Dramatic Changes:

Legacy of Leadership

This part of Barton Malow’s heritage story was written by former President and Chairman Ben Maibach Jr. in the late 1990s prior to his death in 2011. Ben Jr. had the privilege of working closely with Carl Barton and Arnold Malow and speaks to their impact on the values that shaped our culture in the early days of the company.

In 1944, the company was honored with a contract by Aluminum Company of America to construct an office and permanent mold facility on Dunn Road in Detroit. I was 24 years old and the Project Superintendent. There was an existing plant on the old site. I applied and received a wrecking permit. Because of the scarcity of building materials, we dismantled the building piece by piece and sold the windows, radiators, structural steel and whatever else we could. In spite of my inexperience and youth, the project was successful.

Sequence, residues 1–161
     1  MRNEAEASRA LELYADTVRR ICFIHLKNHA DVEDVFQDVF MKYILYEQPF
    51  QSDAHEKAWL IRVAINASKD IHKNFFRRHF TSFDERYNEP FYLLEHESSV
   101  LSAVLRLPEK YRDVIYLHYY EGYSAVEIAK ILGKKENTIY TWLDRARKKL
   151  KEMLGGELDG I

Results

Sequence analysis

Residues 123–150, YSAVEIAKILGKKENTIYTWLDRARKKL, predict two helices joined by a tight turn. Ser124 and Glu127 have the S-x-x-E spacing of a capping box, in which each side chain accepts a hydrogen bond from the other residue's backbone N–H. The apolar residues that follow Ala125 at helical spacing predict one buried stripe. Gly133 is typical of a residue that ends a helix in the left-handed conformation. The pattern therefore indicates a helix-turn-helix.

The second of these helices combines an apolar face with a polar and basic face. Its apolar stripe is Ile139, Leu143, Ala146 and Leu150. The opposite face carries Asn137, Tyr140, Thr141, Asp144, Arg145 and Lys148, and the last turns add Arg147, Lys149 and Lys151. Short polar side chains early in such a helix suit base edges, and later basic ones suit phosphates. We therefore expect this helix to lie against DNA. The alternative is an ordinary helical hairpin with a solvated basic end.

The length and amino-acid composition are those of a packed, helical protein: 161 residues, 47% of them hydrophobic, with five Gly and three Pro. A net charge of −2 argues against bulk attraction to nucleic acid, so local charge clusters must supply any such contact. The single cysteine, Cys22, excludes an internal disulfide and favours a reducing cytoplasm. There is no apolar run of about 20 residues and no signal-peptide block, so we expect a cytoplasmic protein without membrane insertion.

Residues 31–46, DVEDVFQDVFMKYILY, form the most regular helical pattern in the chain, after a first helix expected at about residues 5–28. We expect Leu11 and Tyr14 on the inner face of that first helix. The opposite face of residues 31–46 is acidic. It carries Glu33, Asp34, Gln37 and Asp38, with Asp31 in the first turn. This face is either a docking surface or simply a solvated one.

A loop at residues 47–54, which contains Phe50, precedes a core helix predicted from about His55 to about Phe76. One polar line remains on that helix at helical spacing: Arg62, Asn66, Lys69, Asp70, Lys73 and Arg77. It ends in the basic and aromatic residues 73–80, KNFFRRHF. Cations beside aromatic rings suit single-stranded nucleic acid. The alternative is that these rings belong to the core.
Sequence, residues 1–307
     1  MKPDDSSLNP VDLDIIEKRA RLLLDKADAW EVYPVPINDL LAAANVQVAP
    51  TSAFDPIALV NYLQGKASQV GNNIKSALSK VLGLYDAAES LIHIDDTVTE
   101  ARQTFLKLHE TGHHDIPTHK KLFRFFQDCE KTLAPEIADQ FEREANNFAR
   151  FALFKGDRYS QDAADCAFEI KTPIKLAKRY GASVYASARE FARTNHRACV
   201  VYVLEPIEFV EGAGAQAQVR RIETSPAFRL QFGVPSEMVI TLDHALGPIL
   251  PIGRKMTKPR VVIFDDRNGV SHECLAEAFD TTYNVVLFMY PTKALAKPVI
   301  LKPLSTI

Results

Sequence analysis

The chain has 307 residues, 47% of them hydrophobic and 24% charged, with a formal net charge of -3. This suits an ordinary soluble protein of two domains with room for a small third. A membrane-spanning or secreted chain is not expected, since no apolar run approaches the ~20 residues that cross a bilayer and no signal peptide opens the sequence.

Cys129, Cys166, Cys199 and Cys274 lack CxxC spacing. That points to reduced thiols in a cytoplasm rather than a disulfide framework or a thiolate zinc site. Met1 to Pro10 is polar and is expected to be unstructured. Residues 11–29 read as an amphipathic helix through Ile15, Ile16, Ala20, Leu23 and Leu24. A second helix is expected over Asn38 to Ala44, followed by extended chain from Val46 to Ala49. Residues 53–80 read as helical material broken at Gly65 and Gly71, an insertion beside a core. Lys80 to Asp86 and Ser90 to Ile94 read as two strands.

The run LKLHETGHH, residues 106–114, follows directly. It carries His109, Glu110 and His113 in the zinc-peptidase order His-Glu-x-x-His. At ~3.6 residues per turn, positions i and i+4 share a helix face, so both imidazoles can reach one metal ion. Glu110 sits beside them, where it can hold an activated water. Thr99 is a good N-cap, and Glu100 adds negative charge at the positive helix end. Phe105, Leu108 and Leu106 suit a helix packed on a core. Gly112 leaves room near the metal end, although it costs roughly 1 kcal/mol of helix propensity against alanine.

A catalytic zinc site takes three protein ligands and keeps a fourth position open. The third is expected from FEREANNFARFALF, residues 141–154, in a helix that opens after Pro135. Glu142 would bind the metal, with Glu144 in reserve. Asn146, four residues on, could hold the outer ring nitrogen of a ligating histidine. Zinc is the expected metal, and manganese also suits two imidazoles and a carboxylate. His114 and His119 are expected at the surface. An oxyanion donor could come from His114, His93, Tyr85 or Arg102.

The revenues for the firm were $2.3 million in 1944, and the stockholders equity had soared to $178,000. The future looked very bright. From a personal perspective, this time period was the most dramatic in the company’s history. Quite possibly, the changes that took place in this third decade are a reason Barton Malow is still thriving today.

After surviving the Depression, which in itself was quite an accomplishment, the two owners, Carl Barton and Arnold Malow, prudently invested their money. Carl invested in real estate and Arnold in the stock market. Prices were very reasonable and their investments prospered.

Ben Maibach Jr. joined the company in 1938 as a laborer, engineer, timekeeper, and general handyman on tank foundations for Firestone Rubber in Trenton, Michigan.